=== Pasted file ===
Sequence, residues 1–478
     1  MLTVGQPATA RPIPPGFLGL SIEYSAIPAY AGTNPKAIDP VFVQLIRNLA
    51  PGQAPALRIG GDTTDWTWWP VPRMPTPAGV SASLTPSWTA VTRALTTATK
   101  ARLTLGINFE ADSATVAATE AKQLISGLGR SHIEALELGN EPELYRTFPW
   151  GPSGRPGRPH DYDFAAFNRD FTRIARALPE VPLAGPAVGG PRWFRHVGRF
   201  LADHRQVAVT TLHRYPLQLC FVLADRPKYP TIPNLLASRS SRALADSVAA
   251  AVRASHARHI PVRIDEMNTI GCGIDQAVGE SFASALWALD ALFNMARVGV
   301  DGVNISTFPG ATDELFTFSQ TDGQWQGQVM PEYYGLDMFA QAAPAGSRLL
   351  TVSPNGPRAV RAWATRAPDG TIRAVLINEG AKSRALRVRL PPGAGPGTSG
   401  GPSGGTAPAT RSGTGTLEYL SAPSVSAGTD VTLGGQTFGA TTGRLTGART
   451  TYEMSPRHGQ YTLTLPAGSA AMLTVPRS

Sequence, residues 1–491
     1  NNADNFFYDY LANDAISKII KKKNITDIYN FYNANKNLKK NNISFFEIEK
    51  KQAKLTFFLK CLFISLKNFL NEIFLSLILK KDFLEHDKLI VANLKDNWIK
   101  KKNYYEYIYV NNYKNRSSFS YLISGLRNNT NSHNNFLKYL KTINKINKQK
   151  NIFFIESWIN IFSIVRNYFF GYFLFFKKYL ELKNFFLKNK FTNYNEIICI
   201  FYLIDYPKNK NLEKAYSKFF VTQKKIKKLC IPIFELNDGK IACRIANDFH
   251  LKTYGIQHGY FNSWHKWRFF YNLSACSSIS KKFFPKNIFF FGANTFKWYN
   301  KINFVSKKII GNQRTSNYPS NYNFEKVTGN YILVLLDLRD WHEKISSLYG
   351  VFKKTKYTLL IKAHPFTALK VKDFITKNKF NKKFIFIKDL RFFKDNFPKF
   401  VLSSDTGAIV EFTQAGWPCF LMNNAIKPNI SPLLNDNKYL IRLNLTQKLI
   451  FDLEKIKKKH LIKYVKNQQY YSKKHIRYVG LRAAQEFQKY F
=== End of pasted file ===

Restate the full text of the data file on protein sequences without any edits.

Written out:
Sequence, residues 1–478
     1  MLTVGQPATA RPIPPGFLGL SIEYSAIPAY AGTNPKAIDP VFVQLIRNLA
    51  PGQAPALRIG GDTTDWTWWP VPRMPTPAGV SASLTPSWTA VTRALTTATK
   101  ARLTLGINFE ADSATVAATE AKQLISGLGR SHIEALELGN EPELYRTFPW
   151  GPSGRPGRPH DYDFAAFNRD FTRIARALPE VPLAGPAVGG PRWFRHVGRF
   201  LADHRQVAVT TLHRYPLQLC FVLADRPKYP TIPNLLASRS SRALADSVAA
   251  AVRASHARHI PVRIDEMNTI GCGIDQAVGE SFASALWALD ALFNMARVGV
   301  DGVNISTFPG ATDELFTFSQ TDGQWQGQVM PEYYGLDMFA QAAPAGSRLL
   351  TVSPNGPRAV RAWATRAPDG TIRAVLINEG AKSRALRVRL PPGAGPGTSG
   401  GPSGGTAPAT RSGTGTLEYL SAPSVSAGTD VTLGGQTFGA TTGRLTGART
   451  TYEMSPRHGQ YTLTLPAGSA AMLTVPRS

Sequence, residues 1–491
     1  NNADNFFYDY LANDAISKII KKKNITDIYN FYNANKNLKK NNISFFEIEK
    51  KQAKLTFFLK CLFISLKNFL NEIFLSLILK KDFLEHDKLI VANLKDNWIK
   101  KKNYYEYIYV NNYKNRSSFS YLISGLRNNT NSHNNFLKYL KTINKINKQK
   151  NIFFIESWIN IFSIVRNYFF GYFLFFKKYL ELKNFFLKNK FTNYNEIICI
   201  FYLIDYPKNK NLEKAYSKFF VTQKKIKKLC IPIFELNDGK IACRIANDFH
   251  LKTYGIQHGY FNSWHKWRFF YNLSACSSIS KKFFPKNIFF FGANTFKWYN
   301  KINFVSKKII GNQRTSNYPS NYNFEKVTGN YILVLLDLRD WHEKISSLYG
   351  VFKKTKYTLL IKAHPFTALK VKDFITKNKF NKKFIFIKDL RFFKDNFPKF
   401  VLSSDTGAIV EFTQAGWPCF LMNNAIKPNI SPLLNDNKYL IRLNLTQKLI
   451  FDLEKIKKKH LIKYVKNQQY YSKKHIRYVG LRAAQEFQKY F